Sens Overrule The Isles With A 5-1 WIn

 

When it rains, it pours; that has been the mantra of the New York Islanders this weekend. Yesterday the Isles let up six goals in a loss to the Boston Bruins that mathematically eliminated themselves from playoff contention. Today, they continued their struggling ways in a 5-1 loss to the Ottawa Senators, who were without both Jason Spezza and Daniel Alfredsson.

"It was pretty horrible on our part. They were missing two of their top players and we couldn't take advantage of it. The way we played, we didn't deserve to win, that's for sure," said Islanders captain Mark Streit after the game. He would be the only Islander to be credited with a goal tonight with a John Tavares pass going off of his skate and behind Senators net-minder Craig Anderson.

"We played too complicated. We didn't get pucks deep. We had way too many turnovers. They kept it simple, they worked pretty hard. We just played too complicated. At the end it was a little bit better but tonight we just played awful."

And it was pretty awful to watch. The Islanders typically struggle on back-to-back games and continued with that type of play this afternoon. Al Montoya was in net for the Isles and did not look confident between the pipes. The first goal for the Sens came from Kyle Turris after Montoya fell over his own feet, leaving a wide open net for him to bury an easy goal.

The team came out entirely flat in the second period and Montoya was unable to withstand the pressure on his own. He surrendered three more goals, two of which he probably would have liked to have back. Milan Michalek was able to have an innocent back hand trickle behind Montoya, who would then later struggle to find a rebound that was laying right next to him, allowing Nick Foligno to bury an easy one. The other goal came on the power play off a Sergei Gonchar slap shot.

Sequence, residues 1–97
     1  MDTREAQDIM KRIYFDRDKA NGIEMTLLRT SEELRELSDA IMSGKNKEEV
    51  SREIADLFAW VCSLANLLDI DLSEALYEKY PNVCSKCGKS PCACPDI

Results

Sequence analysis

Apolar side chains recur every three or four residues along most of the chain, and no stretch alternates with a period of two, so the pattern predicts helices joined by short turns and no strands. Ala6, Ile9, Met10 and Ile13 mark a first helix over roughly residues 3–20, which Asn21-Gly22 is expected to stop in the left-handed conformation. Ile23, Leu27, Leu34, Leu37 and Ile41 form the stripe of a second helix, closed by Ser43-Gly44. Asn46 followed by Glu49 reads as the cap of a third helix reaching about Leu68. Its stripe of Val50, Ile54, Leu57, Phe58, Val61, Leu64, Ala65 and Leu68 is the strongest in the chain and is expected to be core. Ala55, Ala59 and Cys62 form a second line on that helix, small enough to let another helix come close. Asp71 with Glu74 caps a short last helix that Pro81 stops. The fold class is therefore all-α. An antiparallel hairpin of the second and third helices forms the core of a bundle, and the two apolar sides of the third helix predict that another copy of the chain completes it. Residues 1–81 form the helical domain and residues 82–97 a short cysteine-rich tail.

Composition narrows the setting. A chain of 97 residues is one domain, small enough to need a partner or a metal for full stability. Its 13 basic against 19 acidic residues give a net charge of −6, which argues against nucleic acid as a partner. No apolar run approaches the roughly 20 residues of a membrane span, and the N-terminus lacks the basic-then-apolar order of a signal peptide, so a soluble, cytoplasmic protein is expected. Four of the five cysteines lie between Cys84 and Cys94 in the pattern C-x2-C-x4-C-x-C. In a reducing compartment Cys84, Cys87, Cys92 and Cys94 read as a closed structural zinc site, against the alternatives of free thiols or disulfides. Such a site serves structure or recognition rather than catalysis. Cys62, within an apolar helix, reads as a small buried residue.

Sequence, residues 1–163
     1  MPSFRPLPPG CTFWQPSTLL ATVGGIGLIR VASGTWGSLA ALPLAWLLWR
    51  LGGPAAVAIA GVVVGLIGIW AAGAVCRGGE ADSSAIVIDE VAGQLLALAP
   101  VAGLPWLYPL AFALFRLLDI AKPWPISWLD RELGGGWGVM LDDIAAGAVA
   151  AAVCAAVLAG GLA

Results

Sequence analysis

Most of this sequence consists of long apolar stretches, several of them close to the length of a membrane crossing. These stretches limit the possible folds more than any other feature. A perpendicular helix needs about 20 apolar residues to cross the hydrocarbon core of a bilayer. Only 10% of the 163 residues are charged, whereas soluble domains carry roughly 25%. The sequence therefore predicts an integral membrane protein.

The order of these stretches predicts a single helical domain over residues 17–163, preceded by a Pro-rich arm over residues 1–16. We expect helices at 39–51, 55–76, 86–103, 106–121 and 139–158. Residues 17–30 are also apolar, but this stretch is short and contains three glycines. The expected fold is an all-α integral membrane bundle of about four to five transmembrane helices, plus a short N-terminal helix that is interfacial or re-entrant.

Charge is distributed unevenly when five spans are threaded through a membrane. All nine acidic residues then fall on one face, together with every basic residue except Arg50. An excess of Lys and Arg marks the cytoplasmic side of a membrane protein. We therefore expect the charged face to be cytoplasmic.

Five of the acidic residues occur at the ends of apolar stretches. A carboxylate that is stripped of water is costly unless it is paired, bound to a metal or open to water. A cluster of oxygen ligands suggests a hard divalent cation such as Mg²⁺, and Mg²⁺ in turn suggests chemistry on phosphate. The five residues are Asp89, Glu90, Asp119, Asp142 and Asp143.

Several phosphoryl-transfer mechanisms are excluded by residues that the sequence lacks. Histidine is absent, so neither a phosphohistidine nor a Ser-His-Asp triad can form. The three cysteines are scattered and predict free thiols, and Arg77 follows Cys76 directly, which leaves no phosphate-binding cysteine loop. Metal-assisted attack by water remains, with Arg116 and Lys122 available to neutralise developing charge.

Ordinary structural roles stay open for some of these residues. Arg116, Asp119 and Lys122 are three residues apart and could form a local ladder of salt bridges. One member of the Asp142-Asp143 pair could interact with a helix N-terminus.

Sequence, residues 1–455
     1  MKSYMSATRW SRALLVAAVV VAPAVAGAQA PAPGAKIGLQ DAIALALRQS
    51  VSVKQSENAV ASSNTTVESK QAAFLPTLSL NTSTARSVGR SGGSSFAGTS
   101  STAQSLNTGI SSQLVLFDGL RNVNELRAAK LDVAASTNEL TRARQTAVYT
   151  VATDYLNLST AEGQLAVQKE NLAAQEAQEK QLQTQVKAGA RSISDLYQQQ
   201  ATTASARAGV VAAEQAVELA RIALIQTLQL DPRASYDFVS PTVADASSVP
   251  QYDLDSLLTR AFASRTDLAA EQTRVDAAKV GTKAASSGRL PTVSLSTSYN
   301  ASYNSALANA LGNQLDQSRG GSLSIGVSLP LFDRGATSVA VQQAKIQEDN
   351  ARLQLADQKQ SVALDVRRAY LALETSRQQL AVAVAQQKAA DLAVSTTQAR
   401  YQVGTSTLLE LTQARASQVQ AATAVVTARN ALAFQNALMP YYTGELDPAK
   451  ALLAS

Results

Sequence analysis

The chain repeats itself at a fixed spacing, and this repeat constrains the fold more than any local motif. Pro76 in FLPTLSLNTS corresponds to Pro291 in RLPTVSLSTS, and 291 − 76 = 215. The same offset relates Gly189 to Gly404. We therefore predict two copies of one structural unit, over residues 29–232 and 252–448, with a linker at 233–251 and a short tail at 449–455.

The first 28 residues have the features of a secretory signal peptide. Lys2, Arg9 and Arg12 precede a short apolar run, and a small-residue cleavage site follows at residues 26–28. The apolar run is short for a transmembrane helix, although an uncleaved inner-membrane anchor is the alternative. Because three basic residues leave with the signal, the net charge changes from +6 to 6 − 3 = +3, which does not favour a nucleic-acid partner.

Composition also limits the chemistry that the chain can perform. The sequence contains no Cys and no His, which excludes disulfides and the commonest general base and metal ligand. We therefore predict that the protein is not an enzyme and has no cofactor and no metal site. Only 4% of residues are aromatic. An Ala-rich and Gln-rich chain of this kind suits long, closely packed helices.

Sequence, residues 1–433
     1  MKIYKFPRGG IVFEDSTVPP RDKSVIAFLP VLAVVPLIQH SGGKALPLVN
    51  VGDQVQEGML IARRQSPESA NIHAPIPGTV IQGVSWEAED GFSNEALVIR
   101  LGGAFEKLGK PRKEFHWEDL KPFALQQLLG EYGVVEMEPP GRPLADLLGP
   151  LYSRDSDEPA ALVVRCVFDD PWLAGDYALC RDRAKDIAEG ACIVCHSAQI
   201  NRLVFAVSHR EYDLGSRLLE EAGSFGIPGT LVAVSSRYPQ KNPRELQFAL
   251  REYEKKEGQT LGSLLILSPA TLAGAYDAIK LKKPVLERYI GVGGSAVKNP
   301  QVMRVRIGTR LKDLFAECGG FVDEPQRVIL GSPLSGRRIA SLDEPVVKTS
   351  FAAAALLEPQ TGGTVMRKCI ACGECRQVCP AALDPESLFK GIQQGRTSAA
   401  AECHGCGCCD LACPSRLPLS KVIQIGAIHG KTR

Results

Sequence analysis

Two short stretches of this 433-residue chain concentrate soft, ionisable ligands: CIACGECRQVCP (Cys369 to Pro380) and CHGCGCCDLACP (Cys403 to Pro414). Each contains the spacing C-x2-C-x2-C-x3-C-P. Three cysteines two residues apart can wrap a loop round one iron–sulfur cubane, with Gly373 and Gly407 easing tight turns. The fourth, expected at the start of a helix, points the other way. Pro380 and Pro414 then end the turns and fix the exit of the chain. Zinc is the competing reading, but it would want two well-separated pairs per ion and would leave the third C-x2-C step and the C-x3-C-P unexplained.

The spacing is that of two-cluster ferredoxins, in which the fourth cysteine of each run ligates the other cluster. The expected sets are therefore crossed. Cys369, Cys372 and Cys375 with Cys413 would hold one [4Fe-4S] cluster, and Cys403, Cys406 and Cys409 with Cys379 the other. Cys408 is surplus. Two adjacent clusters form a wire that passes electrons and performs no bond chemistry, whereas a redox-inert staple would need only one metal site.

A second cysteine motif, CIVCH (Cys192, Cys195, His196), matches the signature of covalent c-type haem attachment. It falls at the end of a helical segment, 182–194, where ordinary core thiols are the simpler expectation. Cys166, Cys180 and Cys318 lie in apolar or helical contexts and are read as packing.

In the third period Turris would score his second of the game, this time on the power play, with seemingly every Islander in front of the crease. Once again the rebound could not be controlled and after a few whacks and Steve Staois sitting in the back of the net, the puck would find its way past the goal line.

"Until you go back and look at the tape, Al is going to play down the stretch and get every opportunity there and keep working," said Capuano in regards to Montoya's play tonight. "But you don't want to say too much on certain players until you watch the tape, but yesterday in the third period of the Boston game he made some big saves when he had to, tonight again, it's just the situation, I'm sure he'd like to have one back for sure, but I'd have to look at it."

The most spirited effort of the night came when Micheal Haley fought Chris Neil in the first period, responding to a hit behind the Senators net. Haley might have received more punches than he had thrown, but he hung in there for the whole tussle and wound up taking Neil down to the ice.

After the game, Haley looked at it as just another play in the game.

"Just part of hockey. I know he fights, it was just another altercation. You know, we fought."